I ran across this in the New Yorker from George Packer:
“Without sufficient advances, many writers will not be able to undertake long, difficult, risky projects. Those who do so anyway will have to expend a lot of effort mastering the art of blowing their own horn. ‘Writing is being outsourced, because the only people who can afford to write books make money elsewhere—academics, rich people, celebrities,’ Colin Robinson, a veteran publisher, said. ‘The real talent, the people who are writers because they happen to be really good at writing—they aren’t going to be able to afford to do it.’”
Though it’s buried in a much longer piece, it’s a telling and sad indictment of the publishing industry. He continues by explaining how all the money is driven toward “a few big titles” while advances for mid-list titles, “books that are expected to sell modestly but whose quality gives them a strong chance of enduring,” have declined. “Without sufficient advances, many writers will not be able to undertake long, difficult, risky projects.”
As Packer notes, this trend points to “what the literary agent called ‘the rich getting richer, the poor getting poorer.’ A few brand names at the top, a mass of unwashed titles down below, the middle hollowed out: the book business in the age of Amazon mirrors the widening inequality of the broader economy.”
I would add that it’s not just the big publishing houses squeezing out the little guy: paying jobs for writers have been disappearing faster than land-line phones. Gone are the days of magazines publishing serialized novels, or even short stories. Even those ink-stained, wretched reporter jobs are being downsized. Their replacements – websites, literary journals and niche magazines – mostly don’t pay writers. Editors now expect us to provide content for free, with the glory of having our names in print or on a contributor’s list our only reward.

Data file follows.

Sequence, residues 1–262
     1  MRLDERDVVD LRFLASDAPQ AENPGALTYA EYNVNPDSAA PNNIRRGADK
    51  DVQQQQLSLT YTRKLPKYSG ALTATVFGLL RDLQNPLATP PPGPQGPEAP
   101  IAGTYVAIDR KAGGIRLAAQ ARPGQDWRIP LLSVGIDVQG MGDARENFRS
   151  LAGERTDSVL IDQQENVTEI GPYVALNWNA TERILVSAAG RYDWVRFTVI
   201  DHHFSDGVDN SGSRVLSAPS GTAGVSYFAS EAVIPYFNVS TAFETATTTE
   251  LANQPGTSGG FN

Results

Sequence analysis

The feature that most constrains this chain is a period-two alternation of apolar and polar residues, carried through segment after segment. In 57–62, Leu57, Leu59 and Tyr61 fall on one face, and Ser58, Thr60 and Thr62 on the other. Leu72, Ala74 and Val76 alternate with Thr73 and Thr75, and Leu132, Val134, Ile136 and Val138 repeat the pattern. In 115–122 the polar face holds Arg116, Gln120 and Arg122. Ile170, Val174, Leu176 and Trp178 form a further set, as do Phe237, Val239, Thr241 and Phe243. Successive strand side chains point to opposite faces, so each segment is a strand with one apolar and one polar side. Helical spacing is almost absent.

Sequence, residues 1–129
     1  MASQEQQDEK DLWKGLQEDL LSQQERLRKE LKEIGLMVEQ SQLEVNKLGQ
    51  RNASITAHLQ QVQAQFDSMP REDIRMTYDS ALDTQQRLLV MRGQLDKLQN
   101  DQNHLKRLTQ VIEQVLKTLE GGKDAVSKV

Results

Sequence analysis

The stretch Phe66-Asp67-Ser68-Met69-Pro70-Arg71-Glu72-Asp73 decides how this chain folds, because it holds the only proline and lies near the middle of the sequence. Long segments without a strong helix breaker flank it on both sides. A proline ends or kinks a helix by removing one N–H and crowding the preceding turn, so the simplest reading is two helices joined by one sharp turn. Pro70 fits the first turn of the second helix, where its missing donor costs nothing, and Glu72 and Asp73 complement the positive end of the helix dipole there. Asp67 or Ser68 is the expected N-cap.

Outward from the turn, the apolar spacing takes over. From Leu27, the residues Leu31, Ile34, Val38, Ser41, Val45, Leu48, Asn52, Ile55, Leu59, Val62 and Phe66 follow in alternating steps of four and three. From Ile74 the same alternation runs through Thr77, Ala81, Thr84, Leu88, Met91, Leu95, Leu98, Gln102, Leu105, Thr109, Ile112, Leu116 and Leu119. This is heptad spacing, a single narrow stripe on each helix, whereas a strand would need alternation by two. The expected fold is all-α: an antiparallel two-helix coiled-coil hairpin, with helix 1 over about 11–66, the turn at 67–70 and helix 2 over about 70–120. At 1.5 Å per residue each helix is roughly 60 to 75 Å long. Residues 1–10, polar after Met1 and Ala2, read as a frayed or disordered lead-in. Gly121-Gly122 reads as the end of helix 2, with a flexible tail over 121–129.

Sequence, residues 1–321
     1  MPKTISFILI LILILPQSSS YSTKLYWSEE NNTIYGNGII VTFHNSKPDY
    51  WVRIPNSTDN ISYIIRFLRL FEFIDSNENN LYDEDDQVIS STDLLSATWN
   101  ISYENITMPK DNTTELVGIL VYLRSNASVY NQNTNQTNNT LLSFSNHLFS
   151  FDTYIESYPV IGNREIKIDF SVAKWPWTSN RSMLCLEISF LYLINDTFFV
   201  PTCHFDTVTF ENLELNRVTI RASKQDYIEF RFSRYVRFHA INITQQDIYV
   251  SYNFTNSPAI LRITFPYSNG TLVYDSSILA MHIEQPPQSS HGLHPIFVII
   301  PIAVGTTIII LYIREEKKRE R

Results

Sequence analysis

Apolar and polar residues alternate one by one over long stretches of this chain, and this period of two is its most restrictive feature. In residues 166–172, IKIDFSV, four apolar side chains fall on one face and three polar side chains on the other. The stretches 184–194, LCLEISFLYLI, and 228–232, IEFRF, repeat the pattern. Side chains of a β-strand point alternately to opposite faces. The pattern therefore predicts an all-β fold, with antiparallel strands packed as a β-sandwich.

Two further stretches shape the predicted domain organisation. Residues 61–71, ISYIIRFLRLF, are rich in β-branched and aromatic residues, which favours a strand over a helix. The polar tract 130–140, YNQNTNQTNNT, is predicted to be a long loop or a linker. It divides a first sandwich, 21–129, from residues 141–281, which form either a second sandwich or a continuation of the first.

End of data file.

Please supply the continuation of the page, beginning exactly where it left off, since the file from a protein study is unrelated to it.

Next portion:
This is the situation I struggle with, along with all the other writers who don’t happen to be “academics, rich people [or] celebrities.” My landlord won’t take bylines. Neither will the grocery store, or the gas pump, or the electric company. They insist on being paid with actual legal tender. So why is it that writers don’t get to insist on the same kind of payment?
At least for the websites and periodicals, I blame rookie writers. Don’t get me wrong, I have penned a story or two for free – mostly as desperate attempts to get into genres or publications that would later pay – but my overall policy is to charge money for what I write. It’s really not so radical. But when I’m competing against hundreds of other writers who don’t have such an onerous policy, I’m at a distinct disadvantage. So I have to work a “real job” to earn that legal tender everyone’s so attached to, which leaves me with considerably less time to actually write. If I do manage to carve out enough time to finish a manuscript (which I have), I’m now expected to build my own “platform” – which entails yet more unpaid work blogging and tweeting and posting to Facebook and whatever other new social network has sprung up in the last hour. Which means less time to actually write.
Many authors say, “To hell with that!” and self-publish. I’m not saying anything against it, but if you want to sell enough copies to quit your day job – or even just cut back to part-time – you’re going to have to do all that marketing yourself. Again: less time to actually write.
So, indeed, this new publishing world does seem to mirror the economy at large, where the wealthy, who don’t need to work “real jobs” and can spend hours marketing (or hire someone else to do it), easily garner plum publishing deals and paying writing gigs based on their immense “platform.” Us working-class schmucks get to fight over the crumbs.
However, I don’t want to leave you discouraged. Remember that throughout history, revolutions are usually born from the pens of writers.